In server 2008, it’s quite easy to attach a task to an event. In EventViewer, simply right-click on the event and choose Attach Task to This Event. This is fine and dandy but sometimes, we want a little more granular control over when to actually fire the task; e.g., I typically want to only notify myself via email of failed RDP logons, not ALL failed logons.
It’s a little more complicated to get only the events you want based on some details inside the actual event – the Event Data.
Note: In Server 2008 the EventID for a Successful Logon is 4624 and for a Failed Logon is 4625. There are multiple Logon Types and you can reference them at this link from MSDN and adapt this guide to your liking. Look at the Logon Type section specifically.
These are the two XPath filters I’ll be working with and I will show you how to create 2 tasks based on 2 separate events:
1. Failed RDP Logon
2. Successful RDP Logon
XML for Failed RDP Logon
Note: After doing some testing, it seems that LogonType 10 isn’t working for notification but LogonType 3 is. I’m still looking at why this is the case since this is RDP logon I’m testing.
<QueryList> <Query Id="0" Path="Security"> <Select Path="Security">*[System[(EventID=4625)]] and *[EventData[Data[@Name='LogonType'] and (Data=10)]]</Select> </Query> </QueryList>
XML for Successful RDP Logon
<QueryList> <Query Id="0" Path="Security"> <Select Path="Security">*[System[(EventID=4624)]] and *[EventData[Data[@Name='LogonType'] and (Data=10)]]</Select> </Query> </QueryList>
1. Failed RDP Logon Task Setup
Launch Event Viewer (Start -> eventvwr.msc [ENTER])
2. Successful RDP Logon
Repeat all the steps from 1. Failed RDP Logon, simply replacing the XML EventID with 4624.
Manage Event Viewer Tasks
You can see all your Event Viewer Tasks by launching Task Scheduler (Start -> taskschd.msc [ENTER]) and choosing the Event Viewer Tasks folder.
Hopefully this helps anyone out there that has been wondering how to do this. Got any more tips? Let me know.
I’d be interested to know if you can specify variables in the email output – like other XPath variables that could be set or something. Maybe even a specific event tag so that instead of directly emailing, you could write a short script that runs and will get the full details (Event Data) of the event and then embed it in an email.
I have found (Oh, glorious Google: Ref 1, Ref 2) how to reference Event Data in the emails. This makes me excited and now I’m cooking up commands also for dynamically adding IPs to RDP firewall for this case.
So, to be able to reference a variable from the Event Data, you need to add a ValueQueries element (MSDN link) to your Task. The easiest way to do this is to export your task as XML and open it with notepad to edit it. First, let’s look at some of the data options available to use as variables. To get these, I like to find an event in the event viewer and look at the XML and look at the Data elements.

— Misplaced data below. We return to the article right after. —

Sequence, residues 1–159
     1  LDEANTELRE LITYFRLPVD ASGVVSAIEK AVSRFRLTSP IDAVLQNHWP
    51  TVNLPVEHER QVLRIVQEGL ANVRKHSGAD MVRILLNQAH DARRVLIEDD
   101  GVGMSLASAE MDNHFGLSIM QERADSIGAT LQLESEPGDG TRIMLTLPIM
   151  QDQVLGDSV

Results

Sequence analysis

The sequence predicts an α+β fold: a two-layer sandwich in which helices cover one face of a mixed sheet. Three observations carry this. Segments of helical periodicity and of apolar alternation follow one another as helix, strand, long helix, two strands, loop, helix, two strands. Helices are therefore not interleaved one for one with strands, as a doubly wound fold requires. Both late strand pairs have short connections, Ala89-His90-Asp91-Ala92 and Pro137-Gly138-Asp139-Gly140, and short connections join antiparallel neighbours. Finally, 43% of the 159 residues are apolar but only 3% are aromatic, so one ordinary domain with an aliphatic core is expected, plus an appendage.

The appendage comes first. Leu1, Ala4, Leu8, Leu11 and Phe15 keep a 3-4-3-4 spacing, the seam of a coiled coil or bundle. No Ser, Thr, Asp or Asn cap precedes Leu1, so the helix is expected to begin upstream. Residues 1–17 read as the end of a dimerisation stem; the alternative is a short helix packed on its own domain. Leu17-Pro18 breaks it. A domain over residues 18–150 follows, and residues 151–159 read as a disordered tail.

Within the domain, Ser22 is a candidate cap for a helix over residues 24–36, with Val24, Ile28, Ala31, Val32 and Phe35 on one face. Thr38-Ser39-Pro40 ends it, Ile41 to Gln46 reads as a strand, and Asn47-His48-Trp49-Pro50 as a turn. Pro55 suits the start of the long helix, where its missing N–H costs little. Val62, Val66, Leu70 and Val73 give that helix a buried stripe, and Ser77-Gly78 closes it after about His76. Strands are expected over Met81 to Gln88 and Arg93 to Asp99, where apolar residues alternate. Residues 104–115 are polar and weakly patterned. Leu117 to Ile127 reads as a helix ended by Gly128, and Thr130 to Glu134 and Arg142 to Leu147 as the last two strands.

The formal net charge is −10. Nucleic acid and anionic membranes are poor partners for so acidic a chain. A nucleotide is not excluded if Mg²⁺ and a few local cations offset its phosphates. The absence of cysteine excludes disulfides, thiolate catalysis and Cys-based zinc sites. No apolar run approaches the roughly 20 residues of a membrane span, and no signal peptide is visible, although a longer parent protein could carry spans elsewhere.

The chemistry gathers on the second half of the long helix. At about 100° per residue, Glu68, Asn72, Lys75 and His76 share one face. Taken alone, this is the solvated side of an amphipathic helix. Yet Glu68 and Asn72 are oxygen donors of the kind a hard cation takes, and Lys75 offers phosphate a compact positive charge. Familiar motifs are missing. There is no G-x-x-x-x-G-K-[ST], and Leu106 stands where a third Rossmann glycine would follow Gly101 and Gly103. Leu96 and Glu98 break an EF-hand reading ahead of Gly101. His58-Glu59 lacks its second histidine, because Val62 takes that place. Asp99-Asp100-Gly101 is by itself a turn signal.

Let’s go back to what I was wanting to do originally – notify via email when a failed RDP logon occurs. Now, I not only want to just send myself an email but I want to include some extra information. In this case, I want to include the IpAddress as well as the TargetUserName. This will tell me which IP address the logon came from as well as what user name the remote system tried to use. Awesome!
So, fire up task scheduler (Start -> taskschd.msc [ENTER]) and navigate to the event viewer tasks item in the left pane. Then, right-click the task we created earlier (Failed RDP Logon) and choose Export.
Save it somewhere convenient and then right-click and choose Edit (or open with notepad).
We need to add a ValueQueries element in the EventTrigger element.
You will want to add the ValueQueries element in the EventTrigger element. Of course if you aren’t following what I’m doing, change them to something you’d rather see from your own available event data values.
<ValueQueries> <Value name="IpAddress">Event/EventData/Data[@Name="IpAddress"]</Value> <Value name="TargetUserName">Event/EventData/Data[@Name="TargetUserName"]</Value> </ValueQueries>
Now that we have setup the variables, let’s add them to our email message. This can be done from in this exported task easily. Scroll to the bottom and look for the following block of code:
In that, modify your Body element to reflect your variables. Note: Variables are CAsE-SenSiTive!
So in conclusion there are some really cool “tricks” we can do here to help monitor our systems. Another cool thing would be to, instead of email notification, simply take the $(IpAddress) and pass it to a command such as, say,:
netsh advfirewall firewall add rule name="Block $(IpAddress) - Bad Dude" dir=in protocol=any action=block remoteip=$(IpAddress)
Now, how cool would that be? =)